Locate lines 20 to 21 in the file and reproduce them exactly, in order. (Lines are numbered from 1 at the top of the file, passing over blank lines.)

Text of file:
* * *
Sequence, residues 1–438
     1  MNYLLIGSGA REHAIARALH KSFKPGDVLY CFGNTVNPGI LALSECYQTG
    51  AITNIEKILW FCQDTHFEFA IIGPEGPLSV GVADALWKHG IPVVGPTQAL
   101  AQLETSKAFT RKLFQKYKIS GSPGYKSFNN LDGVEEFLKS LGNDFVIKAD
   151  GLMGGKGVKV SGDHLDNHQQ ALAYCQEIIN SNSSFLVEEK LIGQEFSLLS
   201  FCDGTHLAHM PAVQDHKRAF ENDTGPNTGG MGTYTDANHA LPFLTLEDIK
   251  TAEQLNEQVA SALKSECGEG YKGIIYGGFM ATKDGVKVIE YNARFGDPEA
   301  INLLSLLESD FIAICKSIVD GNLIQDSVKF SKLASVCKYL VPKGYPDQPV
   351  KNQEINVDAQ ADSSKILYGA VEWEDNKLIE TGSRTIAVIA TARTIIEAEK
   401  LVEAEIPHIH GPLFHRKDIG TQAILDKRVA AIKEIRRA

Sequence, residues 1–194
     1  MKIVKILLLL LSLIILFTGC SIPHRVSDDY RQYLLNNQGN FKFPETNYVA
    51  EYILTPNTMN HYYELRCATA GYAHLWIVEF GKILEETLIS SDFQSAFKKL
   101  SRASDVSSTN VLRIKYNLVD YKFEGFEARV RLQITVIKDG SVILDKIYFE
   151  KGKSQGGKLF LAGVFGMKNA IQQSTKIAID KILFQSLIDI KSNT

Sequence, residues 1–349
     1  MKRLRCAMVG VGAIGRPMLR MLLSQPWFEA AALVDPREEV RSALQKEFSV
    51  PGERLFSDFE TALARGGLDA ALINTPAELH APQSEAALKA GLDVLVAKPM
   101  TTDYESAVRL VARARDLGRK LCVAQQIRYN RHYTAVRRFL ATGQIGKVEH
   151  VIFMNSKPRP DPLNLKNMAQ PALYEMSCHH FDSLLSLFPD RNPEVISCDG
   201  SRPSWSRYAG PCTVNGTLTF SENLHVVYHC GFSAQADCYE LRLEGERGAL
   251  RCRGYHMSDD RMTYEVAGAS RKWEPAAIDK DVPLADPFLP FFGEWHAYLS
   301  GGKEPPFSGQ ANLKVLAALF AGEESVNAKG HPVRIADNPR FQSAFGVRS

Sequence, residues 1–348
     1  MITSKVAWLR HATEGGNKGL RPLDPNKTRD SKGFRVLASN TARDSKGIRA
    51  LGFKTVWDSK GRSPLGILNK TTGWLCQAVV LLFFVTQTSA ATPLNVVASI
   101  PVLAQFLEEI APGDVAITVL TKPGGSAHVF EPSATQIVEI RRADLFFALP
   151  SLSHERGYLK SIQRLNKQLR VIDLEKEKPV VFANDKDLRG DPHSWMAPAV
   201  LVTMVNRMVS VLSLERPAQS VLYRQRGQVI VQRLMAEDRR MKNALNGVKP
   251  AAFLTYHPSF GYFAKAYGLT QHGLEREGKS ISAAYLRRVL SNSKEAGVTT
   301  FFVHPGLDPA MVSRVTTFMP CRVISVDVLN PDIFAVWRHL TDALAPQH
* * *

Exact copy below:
   151  VIFMNSKPRP DPLNLKNMAQ PALYEMSCHH FDSLLSLFPD RNPEVISCDG
   201  SRPSWSRYAG PCTVNGTLTF SENLHVVYHC GFSAQADCYE LRLEGERGAL